Russia-Ukraine war: What happened today (June 9)
As Thursday draws to a close in Kyiv and in Moscow, here are the key developments of the day:
Russian forces control most of the city of Sievierodonetsk in eastern Ukraine, with Ukrainians holding ground in its industrial zone, the governor of Luhansk said on social media. Ukrainian President Volodymyr Zelenskyy described the battle as the epicenter and key to the fate of the Donbas region. Both sides are believed to be suffering heavy losses in the urban fighting but are keeping casualty figures quiet. Western intelligence agencies say that a Russian victory in Sievierodonetsk would allow Russia to continue pushing farther into parts of eastern Ukraine.
Radiation detectors at the defunct Chernobyl nuclear power plant are back online. The International Atomic Energy Agency says the detectors have found normal radiation levels at Chernobyl, the site of one of the world’s worst nuclear disasters in 1986. Russia seized the plant on the first day of its invasion in February. Russia’s actions in the area raised international concerns they could cause radiation to spike in the exclusion zone around the plant. Ukraine retook control of the area in late March.
Two British citizens and a Moroccan received death sentences for fighting for Ukraine, in a court in the pro-Russian separatist Donetsk region. Russia’s RIA Novosti reported that Aiden Aslin and Shaun Pinner of the United Kingdom and Saaudun Brahim from Morocco are accused of being mercenaries, who surrendered in Mariupol, Ukraine, in April. They have a month to appeal the sentence, the state news agency said. The British foreign secretary condemned the ruling as “a sham judgement with absolutely no legitimacy.”
A Ukrainian court upheld a ban on a political party with ties to Russia. President Volodymyr Zelenskyy signed a law last month banning pro-Russian parties from government. The law allows the justice ministry to seize the assets of any party that “glorifies or justifies any armed aggression” against Ukraine. Before Russia’s invasion, the only pro-Russian party in parliament held about one-tenth of seats. After the invasion, the party disbanded, rebranded and came back with an anti-war stance. But officials ordered the party to liquidate. Now there’s no official pro-Russian position in Ukraine’s government for the first time since independence 30 years ago.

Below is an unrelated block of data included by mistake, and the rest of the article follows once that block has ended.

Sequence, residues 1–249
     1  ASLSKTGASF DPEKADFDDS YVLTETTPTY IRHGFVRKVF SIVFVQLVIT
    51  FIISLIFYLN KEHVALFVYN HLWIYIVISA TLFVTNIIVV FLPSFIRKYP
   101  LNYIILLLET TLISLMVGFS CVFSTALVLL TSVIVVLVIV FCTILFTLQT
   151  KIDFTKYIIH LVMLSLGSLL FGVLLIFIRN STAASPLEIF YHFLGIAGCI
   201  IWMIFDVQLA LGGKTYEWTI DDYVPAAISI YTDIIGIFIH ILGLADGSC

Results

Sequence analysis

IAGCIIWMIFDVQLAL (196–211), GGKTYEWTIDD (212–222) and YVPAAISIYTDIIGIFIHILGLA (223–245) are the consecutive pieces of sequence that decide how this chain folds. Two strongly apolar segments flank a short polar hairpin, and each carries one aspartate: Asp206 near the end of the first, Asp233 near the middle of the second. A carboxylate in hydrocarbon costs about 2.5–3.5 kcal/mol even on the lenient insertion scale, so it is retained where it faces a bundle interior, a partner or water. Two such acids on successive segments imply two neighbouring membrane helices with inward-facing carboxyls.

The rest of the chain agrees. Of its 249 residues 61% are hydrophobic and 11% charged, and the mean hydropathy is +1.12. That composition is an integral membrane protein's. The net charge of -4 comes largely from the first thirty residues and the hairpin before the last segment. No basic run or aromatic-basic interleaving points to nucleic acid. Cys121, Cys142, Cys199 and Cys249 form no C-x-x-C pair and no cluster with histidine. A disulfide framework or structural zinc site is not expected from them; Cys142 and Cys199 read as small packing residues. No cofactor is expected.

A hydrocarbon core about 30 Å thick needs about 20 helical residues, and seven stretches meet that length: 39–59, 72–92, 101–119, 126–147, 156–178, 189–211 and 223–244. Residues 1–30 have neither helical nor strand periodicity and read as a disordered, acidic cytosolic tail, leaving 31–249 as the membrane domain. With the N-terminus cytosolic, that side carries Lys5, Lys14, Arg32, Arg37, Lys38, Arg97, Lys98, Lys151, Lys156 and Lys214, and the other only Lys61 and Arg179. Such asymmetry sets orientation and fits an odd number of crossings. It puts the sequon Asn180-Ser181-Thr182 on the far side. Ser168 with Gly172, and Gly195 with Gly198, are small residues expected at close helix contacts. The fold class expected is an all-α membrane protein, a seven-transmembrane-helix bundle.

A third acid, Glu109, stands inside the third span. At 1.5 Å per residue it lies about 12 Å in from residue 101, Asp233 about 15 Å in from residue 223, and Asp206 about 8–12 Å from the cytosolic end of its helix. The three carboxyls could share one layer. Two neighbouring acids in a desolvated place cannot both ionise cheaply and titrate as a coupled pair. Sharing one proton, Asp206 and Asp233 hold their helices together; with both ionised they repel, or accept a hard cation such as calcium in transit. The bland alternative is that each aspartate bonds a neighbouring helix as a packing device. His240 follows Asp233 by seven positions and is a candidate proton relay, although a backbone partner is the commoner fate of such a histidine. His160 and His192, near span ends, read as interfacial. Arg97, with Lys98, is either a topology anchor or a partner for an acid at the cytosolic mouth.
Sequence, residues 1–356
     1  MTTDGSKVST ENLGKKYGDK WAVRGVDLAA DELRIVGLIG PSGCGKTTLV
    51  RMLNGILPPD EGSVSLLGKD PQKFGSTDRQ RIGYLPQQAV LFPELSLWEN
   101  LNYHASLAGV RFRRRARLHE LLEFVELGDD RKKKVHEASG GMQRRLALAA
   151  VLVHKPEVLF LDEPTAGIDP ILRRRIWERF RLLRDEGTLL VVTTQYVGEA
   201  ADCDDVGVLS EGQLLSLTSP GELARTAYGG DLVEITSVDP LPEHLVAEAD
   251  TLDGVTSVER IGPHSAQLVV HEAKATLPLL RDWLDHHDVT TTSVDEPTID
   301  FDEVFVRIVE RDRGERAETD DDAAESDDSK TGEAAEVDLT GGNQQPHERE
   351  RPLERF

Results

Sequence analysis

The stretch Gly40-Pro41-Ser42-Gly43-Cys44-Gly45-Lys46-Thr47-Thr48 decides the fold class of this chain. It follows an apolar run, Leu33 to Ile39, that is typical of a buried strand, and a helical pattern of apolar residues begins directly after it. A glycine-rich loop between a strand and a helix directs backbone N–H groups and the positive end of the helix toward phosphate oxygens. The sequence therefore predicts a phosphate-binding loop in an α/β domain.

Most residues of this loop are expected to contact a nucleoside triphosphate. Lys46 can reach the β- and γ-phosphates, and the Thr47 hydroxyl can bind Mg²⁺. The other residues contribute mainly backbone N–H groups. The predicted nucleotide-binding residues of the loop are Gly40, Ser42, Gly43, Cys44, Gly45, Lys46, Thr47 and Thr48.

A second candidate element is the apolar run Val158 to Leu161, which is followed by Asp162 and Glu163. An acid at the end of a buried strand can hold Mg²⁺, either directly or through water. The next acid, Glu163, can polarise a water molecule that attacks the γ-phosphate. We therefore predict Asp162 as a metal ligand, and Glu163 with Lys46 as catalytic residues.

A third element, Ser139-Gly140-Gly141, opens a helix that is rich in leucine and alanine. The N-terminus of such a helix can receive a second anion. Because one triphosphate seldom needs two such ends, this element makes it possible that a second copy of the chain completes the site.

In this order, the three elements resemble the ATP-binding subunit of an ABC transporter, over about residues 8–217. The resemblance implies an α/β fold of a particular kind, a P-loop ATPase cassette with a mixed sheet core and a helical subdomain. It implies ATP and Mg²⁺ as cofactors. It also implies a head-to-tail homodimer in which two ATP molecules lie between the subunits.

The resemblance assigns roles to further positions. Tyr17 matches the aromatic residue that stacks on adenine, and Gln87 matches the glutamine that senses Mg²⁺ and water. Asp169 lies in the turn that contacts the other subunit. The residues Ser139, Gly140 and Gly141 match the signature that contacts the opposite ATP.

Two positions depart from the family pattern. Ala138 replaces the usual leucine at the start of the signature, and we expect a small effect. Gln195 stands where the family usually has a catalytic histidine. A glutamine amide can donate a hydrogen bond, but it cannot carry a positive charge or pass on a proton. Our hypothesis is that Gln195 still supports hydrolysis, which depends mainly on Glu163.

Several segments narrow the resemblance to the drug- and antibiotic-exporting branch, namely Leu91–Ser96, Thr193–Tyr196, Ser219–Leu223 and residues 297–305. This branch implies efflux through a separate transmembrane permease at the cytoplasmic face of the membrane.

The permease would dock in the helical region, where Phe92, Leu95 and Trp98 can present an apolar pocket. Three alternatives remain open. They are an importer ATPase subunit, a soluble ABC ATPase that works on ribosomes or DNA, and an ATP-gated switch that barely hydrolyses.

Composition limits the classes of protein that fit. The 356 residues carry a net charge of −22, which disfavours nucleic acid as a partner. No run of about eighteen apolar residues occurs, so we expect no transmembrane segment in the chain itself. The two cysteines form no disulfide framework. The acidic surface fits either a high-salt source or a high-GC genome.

At least 4.8 million refugees from Ukraine are in Europe, according to the United Nations refugee agency, UNHCR. The updated figure is based on data from national authorities and reflects Ukrainians’ movements into different countries, as well as those returning home, since the Russian invasion. As of Tuesday, the agency recorded 7.3 million border crossings from Ukraine and another 2.3 million crossings back into the country.
The war is speeding up Ukraine’s efforts to legalize medical cannabis.
Morale is high but “we are fighting against an overwhelming force,” a Ukrainian soldier tells NPR’s Here & Now.
The U.S. needs to prepare for “the next Ukraine,” the former undersecretary of defense says.
Russia’s war in Ukraine is changing the world: See its ripple effects in all corners of the globe.
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